We have looked for some demonstration that Cybor has proved unworkable. No proponent of change has shown that de novo review of claim construction is unworkable—nor could they, after fifteen years of experience of ready workability. Nor has anyone shown that Cybor has increased the burdens on the courts or litigants conducting claim construction. . . .
[N]o one, including the dissent, proposes a workable replacement standard for Cybor, no workable delineation of what constitutes fact and what constitutes law. Disentangling arguably factual aspects, some in dispute and some not, some the subject of expert or other testimony and some not, some elaborated by documentary evidence and some not, some construed by the district court and some not, some related to issues to be decided by a jury and some not—and further disentangling factual aspects from the application of law to fact—is a task ripe for lengthy peripheral litigation. We are not persuaded that we ought to overturn the en banc Cybor decision and replace its clear de novo standard with an amorphous standard that places a new, cumbersome, and costly process at the gate, to engender threshold litigation over whether there was or was not a fact at issue. The principles of stare decisis counsel against such an unnecessary change. . . .
Under any standard of review consistent with Markman II, most issues of claim construction are indisputably matters of law, and would receive de novo review. Even the critics of Cybor agree that any change would affect only a small number of claim construction disputes. . . . Certainly stare decisis counsels against overturning en banc precedent where doing so would change our known, workable de novo standard to an undefined alternative, sure to engender peripheral litigation, and which most agree could affect the outcome of very few, if any cases. . . .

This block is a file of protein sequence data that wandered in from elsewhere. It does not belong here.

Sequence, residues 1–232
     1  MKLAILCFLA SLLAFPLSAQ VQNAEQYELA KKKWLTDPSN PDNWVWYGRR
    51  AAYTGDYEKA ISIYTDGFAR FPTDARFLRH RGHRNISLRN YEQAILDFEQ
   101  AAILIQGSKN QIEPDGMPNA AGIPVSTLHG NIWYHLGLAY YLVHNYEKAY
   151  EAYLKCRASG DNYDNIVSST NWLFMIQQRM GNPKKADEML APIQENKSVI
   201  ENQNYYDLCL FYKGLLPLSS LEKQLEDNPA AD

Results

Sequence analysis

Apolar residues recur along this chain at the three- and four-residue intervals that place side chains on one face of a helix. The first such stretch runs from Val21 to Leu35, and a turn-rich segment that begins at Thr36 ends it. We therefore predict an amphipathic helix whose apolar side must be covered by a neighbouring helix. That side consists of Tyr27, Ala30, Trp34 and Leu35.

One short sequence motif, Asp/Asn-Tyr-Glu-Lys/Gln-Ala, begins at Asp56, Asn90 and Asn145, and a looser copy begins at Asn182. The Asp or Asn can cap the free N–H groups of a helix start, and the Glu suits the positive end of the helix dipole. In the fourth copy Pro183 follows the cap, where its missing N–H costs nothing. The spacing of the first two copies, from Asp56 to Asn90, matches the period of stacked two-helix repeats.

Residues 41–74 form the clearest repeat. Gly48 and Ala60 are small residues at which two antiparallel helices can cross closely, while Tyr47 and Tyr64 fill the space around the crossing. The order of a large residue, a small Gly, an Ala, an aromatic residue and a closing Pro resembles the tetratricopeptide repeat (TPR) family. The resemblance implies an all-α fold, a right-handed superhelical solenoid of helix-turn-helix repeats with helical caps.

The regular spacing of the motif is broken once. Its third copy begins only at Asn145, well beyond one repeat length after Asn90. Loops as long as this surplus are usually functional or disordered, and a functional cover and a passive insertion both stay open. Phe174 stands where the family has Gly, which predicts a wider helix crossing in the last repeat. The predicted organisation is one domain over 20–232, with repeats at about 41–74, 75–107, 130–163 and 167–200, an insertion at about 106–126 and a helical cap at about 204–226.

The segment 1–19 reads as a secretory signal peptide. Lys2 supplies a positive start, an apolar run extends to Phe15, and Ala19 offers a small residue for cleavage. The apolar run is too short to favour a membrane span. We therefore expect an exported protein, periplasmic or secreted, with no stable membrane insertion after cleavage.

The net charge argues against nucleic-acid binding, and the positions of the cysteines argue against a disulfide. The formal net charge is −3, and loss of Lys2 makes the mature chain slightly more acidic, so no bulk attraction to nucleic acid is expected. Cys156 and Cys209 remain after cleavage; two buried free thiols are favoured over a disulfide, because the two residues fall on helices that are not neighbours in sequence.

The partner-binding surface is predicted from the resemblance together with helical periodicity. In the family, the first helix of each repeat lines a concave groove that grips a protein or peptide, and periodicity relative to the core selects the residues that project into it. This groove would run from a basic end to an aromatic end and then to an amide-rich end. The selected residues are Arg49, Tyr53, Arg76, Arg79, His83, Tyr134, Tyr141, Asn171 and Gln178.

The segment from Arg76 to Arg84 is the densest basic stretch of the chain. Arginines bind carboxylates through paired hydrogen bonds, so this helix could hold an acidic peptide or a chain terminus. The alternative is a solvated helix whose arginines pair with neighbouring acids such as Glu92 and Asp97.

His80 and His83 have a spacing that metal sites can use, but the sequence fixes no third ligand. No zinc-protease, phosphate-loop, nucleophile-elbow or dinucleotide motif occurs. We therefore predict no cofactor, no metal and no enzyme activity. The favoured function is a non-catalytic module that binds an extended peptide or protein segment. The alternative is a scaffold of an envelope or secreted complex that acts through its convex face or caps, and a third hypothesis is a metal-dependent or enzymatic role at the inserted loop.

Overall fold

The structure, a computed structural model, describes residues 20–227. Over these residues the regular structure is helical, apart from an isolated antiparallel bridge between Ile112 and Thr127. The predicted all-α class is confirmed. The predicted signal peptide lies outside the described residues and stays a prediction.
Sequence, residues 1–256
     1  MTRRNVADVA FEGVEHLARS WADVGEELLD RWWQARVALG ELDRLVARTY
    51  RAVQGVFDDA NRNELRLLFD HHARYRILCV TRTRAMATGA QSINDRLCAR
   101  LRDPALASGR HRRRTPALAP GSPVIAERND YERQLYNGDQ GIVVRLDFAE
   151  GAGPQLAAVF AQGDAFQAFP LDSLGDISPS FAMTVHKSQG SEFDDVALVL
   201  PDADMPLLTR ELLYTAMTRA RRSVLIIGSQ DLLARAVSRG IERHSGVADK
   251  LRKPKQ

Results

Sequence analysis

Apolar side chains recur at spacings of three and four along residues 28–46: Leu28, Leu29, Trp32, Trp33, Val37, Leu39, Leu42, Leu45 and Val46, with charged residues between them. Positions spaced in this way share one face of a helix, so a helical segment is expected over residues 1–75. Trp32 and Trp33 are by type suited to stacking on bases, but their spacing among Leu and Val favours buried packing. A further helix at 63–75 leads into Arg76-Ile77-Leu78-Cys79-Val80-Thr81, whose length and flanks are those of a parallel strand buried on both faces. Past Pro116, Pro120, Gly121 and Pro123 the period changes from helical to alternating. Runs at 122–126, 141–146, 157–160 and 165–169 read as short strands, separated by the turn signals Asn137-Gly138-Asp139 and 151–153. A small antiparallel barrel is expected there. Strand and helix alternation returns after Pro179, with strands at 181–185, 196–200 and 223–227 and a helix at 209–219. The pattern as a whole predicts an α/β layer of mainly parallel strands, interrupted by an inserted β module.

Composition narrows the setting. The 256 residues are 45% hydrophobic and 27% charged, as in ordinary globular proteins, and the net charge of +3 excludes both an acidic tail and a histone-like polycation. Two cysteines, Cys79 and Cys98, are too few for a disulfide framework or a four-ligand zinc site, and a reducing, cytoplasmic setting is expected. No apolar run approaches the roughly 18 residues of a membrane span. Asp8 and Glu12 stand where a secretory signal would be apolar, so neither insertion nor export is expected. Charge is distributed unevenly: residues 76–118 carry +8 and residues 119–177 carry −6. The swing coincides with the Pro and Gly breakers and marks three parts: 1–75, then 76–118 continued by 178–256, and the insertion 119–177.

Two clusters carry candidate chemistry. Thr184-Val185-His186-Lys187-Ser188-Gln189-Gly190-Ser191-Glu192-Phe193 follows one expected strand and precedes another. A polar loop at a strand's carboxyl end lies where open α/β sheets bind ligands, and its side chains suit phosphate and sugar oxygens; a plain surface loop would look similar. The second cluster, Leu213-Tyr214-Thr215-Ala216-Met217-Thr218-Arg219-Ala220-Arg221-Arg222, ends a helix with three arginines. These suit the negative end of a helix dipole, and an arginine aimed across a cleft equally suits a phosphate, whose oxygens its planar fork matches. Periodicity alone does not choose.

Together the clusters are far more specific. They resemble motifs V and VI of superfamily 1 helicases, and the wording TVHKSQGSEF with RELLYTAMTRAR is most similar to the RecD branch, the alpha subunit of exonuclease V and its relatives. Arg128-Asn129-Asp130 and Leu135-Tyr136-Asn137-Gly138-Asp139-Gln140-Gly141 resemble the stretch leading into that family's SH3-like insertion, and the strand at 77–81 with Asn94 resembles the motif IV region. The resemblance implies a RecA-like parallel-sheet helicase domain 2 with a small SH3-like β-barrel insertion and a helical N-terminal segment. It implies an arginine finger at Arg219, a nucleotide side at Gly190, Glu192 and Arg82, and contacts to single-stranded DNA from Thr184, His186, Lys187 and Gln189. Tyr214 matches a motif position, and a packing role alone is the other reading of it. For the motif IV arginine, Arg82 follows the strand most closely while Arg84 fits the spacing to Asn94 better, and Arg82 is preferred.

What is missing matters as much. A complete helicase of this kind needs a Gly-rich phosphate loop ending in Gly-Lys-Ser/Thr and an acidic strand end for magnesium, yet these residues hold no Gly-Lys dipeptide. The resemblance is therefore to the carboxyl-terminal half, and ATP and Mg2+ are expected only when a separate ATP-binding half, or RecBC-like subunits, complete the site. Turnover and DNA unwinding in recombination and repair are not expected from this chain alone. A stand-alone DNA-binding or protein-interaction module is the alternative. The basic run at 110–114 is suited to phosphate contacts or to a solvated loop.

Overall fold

In the increasingly frequent situation where the same patent is litigated in different forums against different defendants, differing district court rulings on close questions of claim construction could well warrant affirmance on deferential review. Because differing claim constructions can lead to different results for infringement and validity, the possibility of disparate district court constructions unravels the “uniformity in the treatment of a given patent” that the Court sought to achieve in Markman II. It would restore the forum shopping that the Federal Circuit was created to avoid. Just as the Court in Markman II counted such consequences as negatives that its ruling overcame, they count as negatives in the stare decisis analysis.
The question that this court has now reconsidered is whether we should continue to review claim construction as a whole and de novo on the record, or whether we should change to a different system that at best would require us to identify any factual aspects and how the trial judge decided them, and review any found or inferred facts not for correctness but on a deferential standard, with or without also giving deferential review to the ultimate determination of the meaning of the claims. We conclude that such changed procedure is not superior to the existing posture of plenary review of claim construction.